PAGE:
Why Women’s Vision Fails And How to Avoid It
Did you know eye disease affects more women than men, and a woman’s vision changes significantly when they’re in their 50s and 60s? Small things, like needing to adjust the prescription of your glasses or lenses, aren’t too much to worry about. However, older women are at higher risk than men for developing eye diseases such as age-related macular degeneration, cataracts, glaucoma, and dry eye.
Vision problems might seem like a normal part of aging, but why the disproportionate effect? There is no clear-cut answer to that question, but scientists have a few theories on why women’s vision fails more than men’s and how to avoid it.
Common Problems Affecting Women’s Vision Health
Protecting the health of women’s vision is a global issue. As of 2015, statistics show that of the 253 million visually impaired people in the world, 55% (139 million) are women. In some parts of the world, gender inequality and other socio-economic and cultural factors prevent women from accessing eye care.
Yet, this imbalance between men and women affected by vision loss also affects the United States where 15.3 million women have experienced severe vision loss compared to 10.1 million men.
The following are a few of the most common problems affecting women’s vision health.
Refractive Errors and Cataracts
Refractive errors include myopia (near-sightedness), hyperopia (farsightedness), and astigmatism. Usually caused by deterioration in the health of the cornea or distortion in the shape of the lens, refractive errors are usually treated with contact lenses, glasses, or laser correction.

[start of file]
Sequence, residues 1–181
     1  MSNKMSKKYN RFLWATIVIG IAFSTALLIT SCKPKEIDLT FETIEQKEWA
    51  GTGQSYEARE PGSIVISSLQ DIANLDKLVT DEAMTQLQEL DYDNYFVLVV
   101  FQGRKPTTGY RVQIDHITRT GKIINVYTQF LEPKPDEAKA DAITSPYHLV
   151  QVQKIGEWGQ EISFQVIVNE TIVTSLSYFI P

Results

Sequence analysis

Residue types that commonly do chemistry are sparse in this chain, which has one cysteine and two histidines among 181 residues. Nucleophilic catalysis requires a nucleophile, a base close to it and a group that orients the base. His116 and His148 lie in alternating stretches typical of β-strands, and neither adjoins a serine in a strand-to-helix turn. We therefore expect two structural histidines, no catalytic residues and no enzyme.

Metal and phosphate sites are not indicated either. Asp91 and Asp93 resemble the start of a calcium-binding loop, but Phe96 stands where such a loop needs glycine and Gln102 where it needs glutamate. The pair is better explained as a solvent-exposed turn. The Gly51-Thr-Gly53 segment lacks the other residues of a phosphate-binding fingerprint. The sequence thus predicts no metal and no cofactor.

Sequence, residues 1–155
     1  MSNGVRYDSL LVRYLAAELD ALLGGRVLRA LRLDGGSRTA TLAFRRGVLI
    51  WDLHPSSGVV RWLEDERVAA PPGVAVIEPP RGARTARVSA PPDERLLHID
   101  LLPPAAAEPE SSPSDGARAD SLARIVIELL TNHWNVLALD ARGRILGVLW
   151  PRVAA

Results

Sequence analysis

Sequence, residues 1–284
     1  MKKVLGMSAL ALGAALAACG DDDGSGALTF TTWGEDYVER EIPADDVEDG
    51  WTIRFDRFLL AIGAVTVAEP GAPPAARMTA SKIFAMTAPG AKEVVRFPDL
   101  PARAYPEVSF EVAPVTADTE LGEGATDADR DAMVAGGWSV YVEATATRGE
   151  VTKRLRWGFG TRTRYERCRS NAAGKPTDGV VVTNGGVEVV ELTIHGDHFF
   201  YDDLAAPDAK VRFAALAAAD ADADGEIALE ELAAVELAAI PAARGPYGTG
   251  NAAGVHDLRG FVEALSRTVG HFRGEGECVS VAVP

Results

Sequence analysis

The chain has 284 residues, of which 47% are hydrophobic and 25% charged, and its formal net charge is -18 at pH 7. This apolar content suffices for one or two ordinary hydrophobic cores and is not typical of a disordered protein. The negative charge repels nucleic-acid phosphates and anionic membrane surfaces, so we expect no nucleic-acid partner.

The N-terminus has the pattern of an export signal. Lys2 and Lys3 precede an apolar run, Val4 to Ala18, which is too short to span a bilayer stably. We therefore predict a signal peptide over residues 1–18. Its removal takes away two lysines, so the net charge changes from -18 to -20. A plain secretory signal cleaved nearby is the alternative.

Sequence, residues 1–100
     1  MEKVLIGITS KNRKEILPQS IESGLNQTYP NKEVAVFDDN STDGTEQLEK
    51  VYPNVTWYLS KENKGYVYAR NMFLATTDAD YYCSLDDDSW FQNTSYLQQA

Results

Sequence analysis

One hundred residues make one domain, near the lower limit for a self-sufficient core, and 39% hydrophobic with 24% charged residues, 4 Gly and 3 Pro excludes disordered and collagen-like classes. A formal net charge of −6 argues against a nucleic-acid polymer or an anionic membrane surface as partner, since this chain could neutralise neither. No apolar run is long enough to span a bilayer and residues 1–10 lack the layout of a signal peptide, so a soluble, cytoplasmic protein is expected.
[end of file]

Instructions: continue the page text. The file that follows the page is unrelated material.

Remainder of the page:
A cataract is caused when aging or injury changes the tissue of the eye's lens. Cataracts are the leading cause of blindness worldwide. However, both refractive errors and cataracts are treatable and early detection can prevent vision loss.
Dry Eye Disease
Dry eye disease sounds like a minor ailment, but it’s actually a serious sight-threatening condition. Treating dry eye in the United States costs $3.84 billion every year in treatment and time off work. Caused by a lack of moisture in the eyes, dry eye is the most common issue affecting the vision and eye health of aging women. As we grow older, our eyes can struggle to produce enough tears to keep them lubricated. The first symptom of dry eye syndrome is redness and irritation. If your vision becomes blurred and normal activities like reading or using a computer becomes difficult, you may have dry eye.
Age-Related Macular Degeneration
Age-Related Macular Degeneration (AMD) refers to a gradual loss of central vision. The macula is a small area close to the center of the retina. Made up of millions of light-sensing cells, the macula turns light into information that can be read by the brain.
Damage to the macula is serious as it makes it difficult for those affected to see what is straight in front of them. Colors may appear less vibrant and light may appear dimmer. Blank spots may appear in your central vision and overall vision becomes blurred. Progression of AMD can be slow or rapid, leading to loss of vision in both eyes. Women make up 65 percent of AMD cases in the United States.
Reasons Women’s Vision is More at Risk than Men’s
1) Women Live Longer